Could your child grow up to be a killer?
"I WANT to kill all of you."
That was the terrifying threat uttered by six-year-old Samantha*, leaving her parents shocked and in a state of unimaginable fear.
After being caught trying to strangle her sister in the back seat of the family's car, Samantha - adopted in to the family - was sat down for a stern talking to. Her mother explained to her that she could've killed her sister.
"I know," Samantha said blankly. Then she told them that was her plan. She wanted to kill them all.
Samantha had grown up with a desire to inflict pain on others, according to reporters who spoke to the family as part of a story featured in The Atlantic this week.
She practised killing by using her toys and drew disturbing pictures depicting murder weapons, including a plastic bag for suffocating and chemicals for poisoning.
She urinated on a child at daycare even though she was toilet trained and would break open her sister's piggy bank and tear up her money.
She would also smile when her siblings cried and push and pinch them. She didn't outgrow the behaviour.
Now 11, Samantha spends her time in a treatment facility south of Austin, Texas, trying to control her violent behaviour. She's been diagnosed with what experts call "conduct disorder with callous or unemotional traits".
"She had all the characteristics of a budding psychopath," The Atlantic reports.
There are a number of chilling stories of children who have acted on dangerous impulses.
One of the most horrific cases of child killers involved two-year-old James Bulger, who was savagely murdered by two boys aged just 11 and 10.
James was in a British shopping centre when two boys, Robert Thompson and Jon Venables, grabbed the trusting two-year-old and led him away.
They sadistically tortured and beat James to death and rested his broken body on train tracks.
The boys were found guilty of abduction and murder in 1993 and were jailed. Venables was released in 2001 after serving eight years. Thompson was protected by draconian rules and it is believed he has a new identity.
THE MAKINGS OF A PSYCHOPATH
Senior clinical psychologist and director at the R.E.A.D Clinic, Heather Irvine, told news.com.au the first year of a child's life plays a significant role in determining how they develop.
"Psychopaths don't suddenly come out of nowhere, you need to look at their early history and what's gone on with that child from when they've been born," she said.
According to Ms Irvine, most children who have psychopathic traits have experienced some sort of abuse, likely in the first six months of their life.
"In terms of how a brain develops, if they've been abused, the emotional system starts to shut down as the rest of the brain is developing. The brain ends up being incredibly impacted because of experiences with abuse, neglect or lack of empathy."
Ms Irvine said if a child had grown up in a nurturing environment but then began suffering from abuse after they turned five, it would be much harder for that child to develop sociopathic or psychopathic traits because the brain had already developed a sense of empathy.
"In the first six months of your life if you cried and nobody came, you needed to be fed and nobody fed you, you were alone and nobody helped you, your brain is saying your feelings don't matter, you don't matter. The rest of the brain structures start forming around that concept and neurons develop around that concept," she said.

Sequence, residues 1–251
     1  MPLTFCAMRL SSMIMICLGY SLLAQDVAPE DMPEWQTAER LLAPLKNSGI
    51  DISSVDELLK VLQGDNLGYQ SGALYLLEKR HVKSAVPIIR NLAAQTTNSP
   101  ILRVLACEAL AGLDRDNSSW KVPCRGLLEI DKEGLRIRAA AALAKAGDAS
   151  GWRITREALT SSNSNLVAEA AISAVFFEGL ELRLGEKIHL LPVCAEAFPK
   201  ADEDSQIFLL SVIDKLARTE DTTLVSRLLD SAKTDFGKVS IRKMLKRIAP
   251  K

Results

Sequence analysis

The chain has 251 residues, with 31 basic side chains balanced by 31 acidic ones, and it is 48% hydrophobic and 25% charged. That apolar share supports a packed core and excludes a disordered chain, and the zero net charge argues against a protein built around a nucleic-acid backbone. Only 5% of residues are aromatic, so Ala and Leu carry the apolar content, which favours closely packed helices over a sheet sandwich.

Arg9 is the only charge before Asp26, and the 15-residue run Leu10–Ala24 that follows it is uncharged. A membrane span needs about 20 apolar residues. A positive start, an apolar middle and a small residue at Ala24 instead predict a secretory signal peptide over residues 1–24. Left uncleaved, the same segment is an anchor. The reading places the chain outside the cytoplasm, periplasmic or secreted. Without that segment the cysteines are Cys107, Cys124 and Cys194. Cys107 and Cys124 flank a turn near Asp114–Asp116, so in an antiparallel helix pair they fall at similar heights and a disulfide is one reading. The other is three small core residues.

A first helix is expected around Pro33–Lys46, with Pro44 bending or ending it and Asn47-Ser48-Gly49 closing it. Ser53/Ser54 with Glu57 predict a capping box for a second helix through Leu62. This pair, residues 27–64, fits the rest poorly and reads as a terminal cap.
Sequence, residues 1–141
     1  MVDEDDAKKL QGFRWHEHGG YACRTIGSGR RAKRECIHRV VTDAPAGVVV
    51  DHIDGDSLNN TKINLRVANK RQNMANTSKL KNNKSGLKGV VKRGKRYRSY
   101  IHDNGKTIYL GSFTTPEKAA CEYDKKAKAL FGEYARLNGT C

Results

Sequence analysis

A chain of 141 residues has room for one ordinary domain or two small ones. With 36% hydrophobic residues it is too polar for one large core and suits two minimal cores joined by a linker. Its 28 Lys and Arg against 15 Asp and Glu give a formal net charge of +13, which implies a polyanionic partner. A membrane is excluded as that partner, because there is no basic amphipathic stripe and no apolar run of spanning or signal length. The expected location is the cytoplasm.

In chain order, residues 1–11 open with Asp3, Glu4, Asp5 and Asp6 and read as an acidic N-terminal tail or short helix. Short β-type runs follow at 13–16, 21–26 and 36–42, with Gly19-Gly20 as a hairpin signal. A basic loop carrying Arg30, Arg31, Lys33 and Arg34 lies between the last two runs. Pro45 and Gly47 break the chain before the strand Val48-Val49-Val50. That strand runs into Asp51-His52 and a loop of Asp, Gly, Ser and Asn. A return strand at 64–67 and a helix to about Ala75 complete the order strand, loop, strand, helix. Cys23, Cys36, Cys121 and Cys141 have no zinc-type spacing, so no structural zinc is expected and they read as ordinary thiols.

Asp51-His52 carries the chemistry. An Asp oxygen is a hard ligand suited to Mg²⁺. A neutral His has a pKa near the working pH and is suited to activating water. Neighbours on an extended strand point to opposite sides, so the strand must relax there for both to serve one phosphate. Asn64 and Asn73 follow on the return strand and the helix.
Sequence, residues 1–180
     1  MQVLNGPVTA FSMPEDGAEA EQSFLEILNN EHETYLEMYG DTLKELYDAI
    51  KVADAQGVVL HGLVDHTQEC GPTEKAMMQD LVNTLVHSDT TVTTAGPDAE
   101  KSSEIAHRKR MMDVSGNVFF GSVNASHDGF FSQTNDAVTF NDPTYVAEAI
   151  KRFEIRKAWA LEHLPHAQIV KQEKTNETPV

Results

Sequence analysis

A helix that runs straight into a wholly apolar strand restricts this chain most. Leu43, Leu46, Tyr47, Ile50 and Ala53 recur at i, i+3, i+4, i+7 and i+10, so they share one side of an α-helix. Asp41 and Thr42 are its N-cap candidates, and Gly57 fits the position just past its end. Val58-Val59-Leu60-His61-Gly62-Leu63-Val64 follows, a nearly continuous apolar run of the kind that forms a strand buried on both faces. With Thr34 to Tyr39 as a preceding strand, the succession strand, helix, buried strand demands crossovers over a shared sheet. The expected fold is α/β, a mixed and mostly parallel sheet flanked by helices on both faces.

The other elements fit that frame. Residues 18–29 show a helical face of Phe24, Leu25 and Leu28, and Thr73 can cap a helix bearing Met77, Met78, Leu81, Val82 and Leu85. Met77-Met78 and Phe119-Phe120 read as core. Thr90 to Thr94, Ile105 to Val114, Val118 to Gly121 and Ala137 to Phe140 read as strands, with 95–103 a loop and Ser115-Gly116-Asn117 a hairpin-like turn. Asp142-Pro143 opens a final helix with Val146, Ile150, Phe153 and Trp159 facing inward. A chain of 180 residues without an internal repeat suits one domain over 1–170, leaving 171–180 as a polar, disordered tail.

TRAITS 'VERY UNCOMMON'
Ms Irvine said callous and unemotional traits in children was very uncommon, with it affecting only one per cent of the population.
"The point is that everything's on a scale, it's not really a case of really good kids and really bad kids," she said.
"The more severe the abuse, the more likely a child is to have severe psychopathic or sociopathic behaviours."
Ms Irvine said there were specific behavioural issues children with psychopathic traits had.
"Generally tends to involve damaged property, damage to others or damage to self," she said.
"You see kids starting to harm animals, punch holes in walls, urinate over furniture or smear poo over toilets. They will inflict significant harm on another human being, usually smaller than them.
"They are trying to understand connections, usually through harm rather than care."
DO PSYCHOPATHIC CHILDREN BECOME KILLERS?
Ms Irvine told news.com.au a child's brain could start developing callous and unemotional traits from birth. While many psychologists work to help children control their violent tendencies, some can grow up to make poor life choices. Others grow up to be killers.
"You always have hope a child won't grow up to be a killer, but without significant intervention we would predict poor outcomes," Ms Irvine said.
"They find it hard to succeed in school or make friends and are more likely to engage in a whole range of anti-social behaviours to gain attention or find some kind of place in this world.
"They're therefore likely to engage in substance abuse and spiral downhill unless there's significant intervention."
Ms Irvine said if there were any concerns a child wanted to inflict harm on another person, on animals, or damage property, they needed to see a GP, paediatrician or psychologist for early intervention.
"A child will hit, poke or punch but that doesn't indicate a sociopath. It's really important parents understand persistent behaviours that show a complete disregard for other people's feelings," she said.
Ms Irvine said continuously inflicting pain on others, disregarding property, and being unable to repair relationships were also causes for concern.
Ms Irvine said parents needed show their children repetitive love and care to rewire the brain.
"Parents need to be prepared to do the hard work. Children don't need therapists and hours of therapy, they need a loving home," she said.